A few of the kids I grew up with loved going to school, but most of us agreed with the sentiment expressed in that cartoon. For many years I saw going to class and learning enough to get decent grades as something I had to do so that I wouldn’t disappoint my parents and would be allowed to play sports after school. So I did it, even though I suspected a lot of what I was being taught was either a load of crap or wouldn’t be of much use to me later on.
Where is all this going? Well, Botswana’s government employed teachers and school administrators didn’t turn in very inspiring performances last term – what with the strike and all that talk about money – so I imagine a few of our leaders of the future are feeling a bit sceptical at the start of this term; so I’m going to preach a bit about the benefits of education.
As it turned out, my suspicions were correct; a lot of what I was taught was crap and I haven’t used a great deal of it directly to make a living… but that doesn’t mean any of it was a waste of time. You see, when you go to school there is always something important to learn. It might be the subject matter; but it could also be how to differentiate between facts and opinions, how to identify rubbish, or how to learn something important even if your teacher isn’t very good at his or her job. Everything can be a lesson and looking at school this way makes it much easier to carry on learning after one has finished formal education.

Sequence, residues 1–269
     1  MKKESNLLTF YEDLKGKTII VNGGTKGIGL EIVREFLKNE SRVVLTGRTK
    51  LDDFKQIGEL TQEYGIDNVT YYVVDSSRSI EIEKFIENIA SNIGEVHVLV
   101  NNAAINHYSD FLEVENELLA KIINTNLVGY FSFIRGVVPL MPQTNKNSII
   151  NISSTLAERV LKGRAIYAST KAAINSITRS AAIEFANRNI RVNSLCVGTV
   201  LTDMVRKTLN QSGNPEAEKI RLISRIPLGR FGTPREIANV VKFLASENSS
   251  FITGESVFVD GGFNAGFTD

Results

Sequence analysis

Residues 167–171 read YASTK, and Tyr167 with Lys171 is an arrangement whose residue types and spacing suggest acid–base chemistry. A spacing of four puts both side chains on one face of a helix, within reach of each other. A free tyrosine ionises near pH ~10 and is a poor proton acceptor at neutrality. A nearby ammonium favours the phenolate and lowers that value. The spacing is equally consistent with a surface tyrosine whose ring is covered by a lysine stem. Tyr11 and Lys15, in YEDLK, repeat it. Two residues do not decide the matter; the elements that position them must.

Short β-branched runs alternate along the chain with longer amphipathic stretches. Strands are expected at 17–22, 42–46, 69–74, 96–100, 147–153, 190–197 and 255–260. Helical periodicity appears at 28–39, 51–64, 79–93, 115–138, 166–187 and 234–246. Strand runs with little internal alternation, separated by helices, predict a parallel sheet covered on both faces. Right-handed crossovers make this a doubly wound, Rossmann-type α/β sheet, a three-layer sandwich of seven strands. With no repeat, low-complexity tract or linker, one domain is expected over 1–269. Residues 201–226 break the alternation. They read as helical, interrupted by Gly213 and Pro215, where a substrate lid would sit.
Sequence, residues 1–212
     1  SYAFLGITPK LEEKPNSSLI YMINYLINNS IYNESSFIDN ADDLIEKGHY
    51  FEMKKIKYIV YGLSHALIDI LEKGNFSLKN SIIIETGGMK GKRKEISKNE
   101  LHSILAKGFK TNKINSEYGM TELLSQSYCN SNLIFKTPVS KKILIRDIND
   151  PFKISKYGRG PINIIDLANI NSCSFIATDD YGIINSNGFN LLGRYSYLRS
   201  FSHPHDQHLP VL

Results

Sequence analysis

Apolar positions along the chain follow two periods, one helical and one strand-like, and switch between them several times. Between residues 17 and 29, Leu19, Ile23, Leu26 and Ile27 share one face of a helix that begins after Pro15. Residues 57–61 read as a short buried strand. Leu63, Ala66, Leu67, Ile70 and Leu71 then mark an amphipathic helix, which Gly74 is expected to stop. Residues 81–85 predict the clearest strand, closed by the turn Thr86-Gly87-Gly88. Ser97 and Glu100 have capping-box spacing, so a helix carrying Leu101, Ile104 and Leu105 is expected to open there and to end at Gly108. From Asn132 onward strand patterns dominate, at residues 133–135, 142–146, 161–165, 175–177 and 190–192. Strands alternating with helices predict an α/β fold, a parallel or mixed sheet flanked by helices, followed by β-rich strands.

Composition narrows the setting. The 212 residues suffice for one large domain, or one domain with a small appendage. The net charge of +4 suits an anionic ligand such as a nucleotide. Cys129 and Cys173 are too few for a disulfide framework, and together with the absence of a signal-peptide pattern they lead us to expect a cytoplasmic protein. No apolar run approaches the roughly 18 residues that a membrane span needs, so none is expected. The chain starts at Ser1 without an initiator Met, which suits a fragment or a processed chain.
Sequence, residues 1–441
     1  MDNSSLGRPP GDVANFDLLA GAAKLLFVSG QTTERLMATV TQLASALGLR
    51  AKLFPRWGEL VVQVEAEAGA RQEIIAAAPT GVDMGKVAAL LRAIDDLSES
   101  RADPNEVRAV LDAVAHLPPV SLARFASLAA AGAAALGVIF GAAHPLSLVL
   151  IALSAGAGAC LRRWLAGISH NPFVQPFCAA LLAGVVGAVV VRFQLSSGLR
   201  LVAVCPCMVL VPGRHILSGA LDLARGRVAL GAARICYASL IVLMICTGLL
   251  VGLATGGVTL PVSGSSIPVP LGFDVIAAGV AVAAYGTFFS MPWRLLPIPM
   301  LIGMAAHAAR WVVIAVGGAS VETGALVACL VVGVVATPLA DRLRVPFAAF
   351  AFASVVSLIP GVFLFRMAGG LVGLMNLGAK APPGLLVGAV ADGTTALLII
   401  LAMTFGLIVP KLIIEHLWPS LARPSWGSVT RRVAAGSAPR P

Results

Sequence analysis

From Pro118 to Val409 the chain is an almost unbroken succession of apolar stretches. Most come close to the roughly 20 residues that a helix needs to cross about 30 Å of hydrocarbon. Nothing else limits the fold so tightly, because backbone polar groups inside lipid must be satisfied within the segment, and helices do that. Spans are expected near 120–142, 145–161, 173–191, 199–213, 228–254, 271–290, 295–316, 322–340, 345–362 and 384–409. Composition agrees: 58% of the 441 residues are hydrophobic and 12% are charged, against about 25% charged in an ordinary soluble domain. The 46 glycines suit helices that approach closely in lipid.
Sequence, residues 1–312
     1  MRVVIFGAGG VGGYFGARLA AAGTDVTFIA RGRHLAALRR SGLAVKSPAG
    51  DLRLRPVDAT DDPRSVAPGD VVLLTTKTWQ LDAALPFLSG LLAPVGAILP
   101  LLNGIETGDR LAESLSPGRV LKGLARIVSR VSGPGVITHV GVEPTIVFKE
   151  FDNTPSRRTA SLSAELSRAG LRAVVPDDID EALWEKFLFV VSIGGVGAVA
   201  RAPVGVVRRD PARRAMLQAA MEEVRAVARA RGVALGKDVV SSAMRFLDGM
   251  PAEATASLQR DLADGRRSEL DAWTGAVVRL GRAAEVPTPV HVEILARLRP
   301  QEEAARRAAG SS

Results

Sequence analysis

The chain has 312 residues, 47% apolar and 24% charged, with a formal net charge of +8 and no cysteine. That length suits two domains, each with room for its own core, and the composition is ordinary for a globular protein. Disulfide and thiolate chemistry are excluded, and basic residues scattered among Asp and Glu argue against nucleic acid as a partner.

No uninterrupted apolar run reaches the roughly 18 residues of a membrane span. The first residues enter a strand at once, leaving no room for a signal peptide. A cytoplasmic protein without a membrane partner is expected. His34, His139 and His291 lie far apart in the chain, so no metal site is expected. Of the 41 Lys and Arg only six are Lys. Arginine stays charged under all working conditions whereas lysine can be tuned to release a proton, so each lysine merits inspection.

I think the most important thing about going to school is simply learning how to learn and one of the most amazing things I’ve discovered is that the more I learn, the more I realise how little I actually know… and I think that realisation could help all of us to be more tolerant of different people, cultures and ideas. How’s that for preaching?
Now let’s go back to those kids I grew up with for a moment: most of them believe the United States is the best country in the whole wide world, because that is what they have been told and because they have never left the States on holiday let alone to live in another country to check it out. There are many Batswana who feel the same way about Botswana for the same reasons.
Of course my former classmates may be right, or my Batswana friends may be right. I don’t know, but neither do they.
Anyway, I guess what I’m driving at here is that there is always more to learn, which means we should always take expert advice, and the advice of teachers, political leaders, or columnists for that matter, with a grain of salt and be willing to take responsibility for our own lives and our own decisions.
Of course if we all did that, it might be tricky to find people, like the soldier in that cartoon, who believe fighting for their government is the same thing as defending their country.